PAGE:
Natalie Jim-Lead Practitioner
“What am I doing? Why do I keep saying “ok”? Is my voice really that high pitch? Please stop saying “ok”. Did I miss that student with their hand up? For goodness sake stop saying “ok!”
As I prised my fingers from my eyes and watched my first ever recorded lesson observation, I went through the typical emotions most people feel when watching themselves on camera. However, once the embarrassment had diminished and I had stopped cringing, it dawned on me that here was a tool that was going to have a transformational effect on my teaching.
When the idea of using a camera in the classroom is first mentioned, most people start to imagine a 1984 ‘Big Brother is watching you’ scenario. They fear that the camera is going to capture all their flaws as a teaching practitioner and then force them to re-live it by watching it!
When I first heard of the IRIS system, my reaction was probably typical of what many felt at the thought of an ‘all-seeing’ eye watching me.
IRIS describes itself as a ‘video based learning platform’, designed to ‘enable better teacher reflection.’ Big claims are made on their website about the impact of using the system including the stat that 64% of schools regularly using IRIS improved by at least one Ofsted grade in their last inspection cycle compared to the national average of 42.5%. This system was seemingly a coaching tool that could be controlled by an observer, or the observed; it could capture a lesson to then allow for greater reflection – to actually see the lesson from a different point of view.
But my question was: could it work at Sarah Bonnell?
When we launched IRIS to all teaching staff, we made it very explicit that this was a coaching tool, unconnected with performance management targets. All footage filmed on the system would be completely private and confidential – you only share footage you want to and you don’t even need to do that if you just want to self-reflect. This also negated issues regarding the filming of students- the platform is secure and not available for public viewing.
When I first used IRIS in my drama studio, I was soon a convert to this new pair of eyes. I wanted to focus on the impact of group work and how to encourage less passengers – an issue picked up from a previous lesson observation. It was fascinating to see my classroom from this perspective. After getting over the initial sensation of watching myself, I almost forgot I was the teacher I was watching as my focus was drawn to the learners’ behaviour.
It was fascinating to zoom into the interaction between the learners and how they responded to the tasks in the lesson. Students who I thought were engaged at the time were clearly not as engaged as I had been led to believe. I watched in astonishment as a student who had been on her feet and making all the right gestures to look engaged was, in fact, being directed by others.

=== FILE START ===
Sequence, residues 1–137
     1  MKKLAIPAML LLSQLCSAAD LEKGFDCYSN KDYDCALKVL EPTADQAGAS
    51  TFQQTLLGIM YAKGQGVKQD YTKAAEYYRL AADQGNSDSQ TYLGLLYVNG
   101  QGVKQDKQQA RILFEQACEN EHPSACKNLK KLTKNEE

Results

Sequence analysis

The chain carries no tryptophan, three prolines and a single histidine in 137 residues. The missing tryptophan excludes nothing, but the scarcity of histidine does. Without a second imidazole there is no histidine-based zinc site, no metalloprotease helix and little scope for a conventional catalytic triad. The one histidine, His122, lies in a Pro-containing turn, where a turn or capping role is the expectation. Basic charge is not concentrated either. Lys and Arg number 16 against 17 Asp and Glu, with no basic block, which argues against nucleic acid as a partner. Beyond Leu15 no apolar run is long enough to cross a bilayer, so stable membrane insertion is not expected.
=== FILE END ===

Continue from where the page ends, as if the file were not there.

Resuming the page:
This encouraged me to reflect on the strategies I could have implemented in the task that could have addressed this such as: giving students specific jobs or a focus during the task, the group dynamics and the pace of the activity. It felt very empowering to be able to view the lesson in a safe and developmental way knowing quite specifically what could be done to tweak my practice to elicit a better outcome for students.
In my role as Lead Practitioner for Teaching and Learning, I have used IRIS to support the development of others. In terms of feedback from other users of the system it has been overwhelmingly positive.
One user when asked for feedback said:
“I have used Iris for both self and peer observations and found both experiences useful. When using IRIS for self-reflection, it has enabled me to identify areas of my teaching practice that I wish to focus on- for example the amount of pause time I give after posing questions. Something else I identified when watching back the recording was that my movement around the classroom was limited to certain areas and tables. This was done subconsciously and until I used IRIS, I was unaware that this was the case and since then I have become more aware of my movement around the room.”
There is still a job to be done to continue to grow the use of the system in the school and there is obviously a significant investment of time and money to bring in a system like this – but in terms of opening up professional development and self-reflection there really in no other tool like it.
Why not try it and see for yourself?